Hoping to complete my PhD at UC Davis, this experience gave me incredible networking opportunities. I was also able to reflect and grow as a person in my time there. Boating in 10 ft. swells, accidentally stabbing myself (instead of the oyster), and dealing with massive data sets tested my patience. However, I can proudly say that after returning, I believe my time out west further solidified my research and career goals. I will end this post with some unsolicited advice: the world is your oyster. Take a step outside of your comfort zone! You may just land a position working your dream job in one of the most beautiful places in the world.


A New Reality


By: Abby Motter, Agriscience Education | Mansfield, OH

Driving into the Peñas Blancas Mountains of Nicaragua you might first recognize the breathtaking mountains covered in colorful foliage, the muddy dirt road, or the homes and buildings scattered across the countryside. However, after spending time there you will realize it is the people that will stick in your memory.

Just last week I spent two nights in the rainforest with a Nicaraguan family that belonged to a Coffee Grower’s Community and Cooperative. I was fortunate to have this opportunity through signing up for a First Year Experience Study Abroad Program at orientation through the College of Food, Agricultural, and Environmental Sciences. Part of the experience involved splitting into small groups and completing a home stay with a local family. The families we stayed with spoke little to no English, worked full time as coffee farmers, and did the best they could with their low income that required countless hours to earn. These farmers will harvest every day from October to February, at the end of the harvest season they will receive one paycheck that must last for an entire year.


My family lived in a beautiful valley with potatoes, coffee plants, banana trees, chickens, geese, and mountain hillsides with tropical flowers everywhere. Although my group and I were able to communicate in some Spanish, both cultural and lingual barriers still existed. It was through the youngest daughter, an eight year old named Katalina, we were able to form the strongest connection. Just like many eight year old girls in the United States her favorite color was pink, she loved kittens, and her favorite princess was “Nieve Blanca” or Snow White. When we presented the children of the family with a brand new bouncy ball, we had the whole group of us playing. Later that evening the older boys of the family asked if we had “tarjetas” or cards, they soon were teaching a new game similar to Rummy. We shared pictures of our families and helped our host mother make tortillas over the open wood fire.  When our host father put up our mosquito nets at night we were there holding the hammer and nails, just like a child would with their father in a rural Ohio home.  We may live completely different lives, but we had so many similarities.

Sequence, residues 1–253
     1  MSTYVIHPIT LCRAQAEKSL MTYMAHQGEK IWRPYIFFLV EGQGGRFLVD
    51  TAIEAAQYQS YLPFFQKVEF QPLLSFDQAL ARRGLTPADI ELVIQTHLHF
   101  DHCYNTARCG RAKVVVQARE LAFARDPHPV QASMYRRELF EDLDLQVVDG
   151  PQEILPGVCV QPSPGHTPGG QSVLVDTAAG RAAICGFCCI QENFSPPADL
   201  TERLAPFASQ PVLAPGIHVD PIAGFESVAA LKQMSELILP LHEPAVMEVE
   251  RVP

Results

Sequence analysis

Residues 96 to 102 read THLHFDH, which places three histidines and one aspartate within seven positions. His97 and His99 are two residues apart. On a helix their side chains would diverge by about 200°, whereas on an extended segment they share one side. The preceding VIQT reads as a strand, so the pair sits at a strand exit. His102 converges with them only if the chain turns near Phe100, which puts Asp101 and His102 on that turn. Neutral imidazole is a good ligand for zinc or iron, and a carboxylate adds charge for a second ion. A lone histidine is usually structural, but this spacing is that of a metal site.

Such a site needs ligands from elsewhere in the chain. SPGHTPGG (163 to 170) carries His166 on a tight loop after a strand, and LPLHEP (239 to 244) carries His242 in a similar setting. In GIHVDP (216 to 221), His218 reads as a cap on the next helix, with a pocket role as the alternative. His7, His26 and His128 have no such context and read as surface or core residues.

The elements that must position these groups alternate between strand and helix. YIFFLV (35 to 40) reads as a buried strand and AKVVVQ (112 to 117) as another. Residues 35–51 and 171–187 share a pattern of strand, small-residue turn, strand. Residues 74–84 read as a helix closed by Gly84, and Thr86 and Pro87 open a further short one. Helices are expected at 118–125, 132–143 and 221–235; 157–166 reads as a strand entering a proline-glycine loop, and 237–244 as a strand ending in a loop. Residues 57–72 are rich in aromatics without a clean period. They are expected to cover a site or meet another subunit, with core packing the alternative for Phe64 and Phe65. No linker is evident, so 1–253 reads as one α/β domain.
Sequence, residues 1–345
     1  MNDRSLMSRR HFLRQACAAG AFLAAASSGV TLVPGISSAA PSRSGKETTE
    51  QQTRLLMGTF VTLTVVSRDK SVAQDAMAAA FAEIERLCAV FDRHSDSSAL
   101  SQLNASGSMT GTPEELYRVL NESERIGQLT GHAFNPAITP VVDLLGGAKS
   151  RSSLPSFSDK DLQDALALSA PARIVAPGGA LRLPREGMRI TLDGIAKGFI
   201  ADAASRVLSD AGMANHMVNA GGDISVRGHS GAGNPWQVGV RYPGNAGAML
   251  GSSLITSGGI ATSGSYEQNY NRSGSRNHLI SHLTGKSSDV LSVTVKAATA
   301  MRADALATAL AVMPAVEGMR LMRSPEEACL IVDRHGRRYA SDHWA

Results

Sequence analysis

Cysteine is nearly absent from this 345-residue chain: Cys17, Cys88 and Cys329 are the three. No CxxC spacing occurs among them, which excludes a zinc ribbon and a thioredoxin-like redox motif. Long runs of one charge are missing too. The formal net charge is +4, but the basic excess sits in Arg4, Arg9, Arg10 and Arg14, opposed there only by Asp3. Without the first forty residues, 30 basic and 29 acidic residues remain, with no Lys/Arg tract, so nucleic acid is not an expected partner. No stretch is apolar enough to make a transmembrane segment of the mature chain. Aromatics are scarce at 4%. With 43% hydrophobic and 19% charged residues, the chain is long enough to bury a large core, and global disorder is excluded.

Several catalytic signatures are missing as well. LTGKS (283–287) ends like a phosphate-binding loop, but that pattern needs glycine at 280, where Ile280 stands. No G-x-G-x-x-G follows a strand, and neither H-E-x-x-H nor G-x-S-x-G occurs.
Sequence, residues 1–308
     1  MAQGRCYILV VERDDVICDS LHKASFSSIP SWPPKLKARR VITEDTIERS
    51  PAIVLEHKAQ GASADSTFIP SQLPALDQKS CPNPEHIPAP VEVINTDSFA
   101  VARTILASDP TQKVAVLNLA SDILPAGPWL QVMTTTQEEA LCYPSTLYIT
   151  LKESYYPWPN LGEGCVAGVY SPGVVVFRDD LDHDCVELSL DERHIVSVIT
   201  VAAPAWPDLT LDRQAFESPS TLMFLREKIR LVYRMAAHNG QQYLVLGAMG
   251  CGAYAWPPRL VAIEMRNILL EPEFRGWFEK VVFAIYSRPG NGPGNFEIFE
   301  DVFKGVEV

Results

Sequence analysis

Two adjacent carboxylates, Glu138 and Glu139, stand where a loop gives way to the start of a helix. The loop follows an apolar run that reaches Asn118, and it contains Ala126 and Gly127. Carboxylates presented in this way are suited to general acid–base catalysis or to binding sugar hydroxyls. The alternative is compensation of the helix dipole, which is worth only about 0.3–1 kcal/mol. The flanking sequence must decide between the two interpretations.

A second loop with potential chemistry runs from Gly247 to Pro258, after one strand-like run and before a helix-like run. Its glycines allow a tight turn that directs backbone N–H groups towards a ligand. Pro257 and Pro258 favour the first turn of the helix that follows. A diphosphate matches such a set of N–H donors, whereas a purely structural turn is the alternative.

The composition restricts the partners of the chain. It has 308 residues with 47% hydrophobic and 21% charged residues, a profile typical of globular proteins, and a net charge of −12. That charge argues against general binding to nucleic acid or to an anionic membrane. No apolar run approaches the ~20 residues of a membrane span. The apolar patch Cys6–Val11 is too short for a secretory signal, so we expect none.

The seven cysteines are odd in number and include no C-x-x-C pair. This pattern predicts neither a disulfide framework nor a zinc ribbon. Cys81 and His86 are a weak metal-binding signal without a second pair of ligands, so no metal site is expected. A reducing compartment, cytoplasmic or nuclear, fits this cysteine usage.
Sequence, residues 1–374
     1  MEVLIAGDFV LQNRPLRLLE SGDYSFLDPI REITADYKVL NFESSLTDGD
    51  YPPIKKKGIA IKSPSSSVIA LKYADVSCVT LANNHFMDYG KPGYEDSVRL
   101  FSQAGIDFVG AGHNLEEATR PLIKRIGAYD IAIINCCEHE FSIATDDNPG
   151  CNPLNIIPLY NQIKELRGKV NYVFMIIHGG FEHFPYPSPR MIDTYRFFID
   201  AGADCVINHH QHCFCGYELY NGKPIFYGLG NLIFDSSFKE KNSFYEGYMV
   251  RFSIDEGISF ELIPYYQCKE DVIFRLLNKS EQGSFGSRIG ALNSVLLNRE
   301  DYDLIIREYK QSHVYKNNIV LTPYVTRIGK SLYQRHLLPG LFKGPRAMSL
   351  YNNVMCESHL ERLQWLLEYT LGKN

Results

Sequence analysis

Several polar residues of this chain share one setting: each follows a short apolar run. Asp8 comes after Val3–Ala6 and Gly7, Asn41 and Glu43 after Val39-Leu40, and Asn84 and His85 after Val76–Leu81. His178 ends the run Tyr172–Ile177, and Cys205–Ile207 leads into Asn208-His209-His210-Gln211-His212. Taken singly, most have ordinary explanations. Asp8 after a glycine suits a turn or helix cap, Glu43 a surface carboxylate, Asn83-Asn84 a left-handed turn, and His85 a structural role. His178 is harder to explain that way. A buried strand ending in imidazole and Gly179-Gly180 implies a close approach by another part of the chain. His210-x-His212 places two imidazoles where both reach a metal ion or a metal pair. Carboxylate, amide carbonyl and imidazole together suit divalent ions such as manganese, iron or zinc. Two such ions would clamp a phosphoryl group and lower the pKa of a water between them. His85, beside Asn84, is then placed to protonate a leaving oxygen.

Staying with a family of a different culture, socioeconomic status, and completely different language was a humbling and perspective changing experience. We may have walked up a muddy hill to an outdoor latrine, showered with a bucket of mountain water in the open air, shooed chickens out of the kitchen, and witnessed a spider larger than my hand; but our host family lived with incredible dignity and expressed continual happiness. In our country too often we associate personal fulfillment and contentment with the amount of material possessions we own, the house we live in, the car we drive, the job we have, and the friends we keep. Instead, in the quiet mountains of Nicaragua this family was happy for companionship, the beautiful scenery all around them, good food to eat, and a sturdy tin roof over their heads. I am grateful for the chance to learn about another culture, and the reminder of all the things we have to appreciate.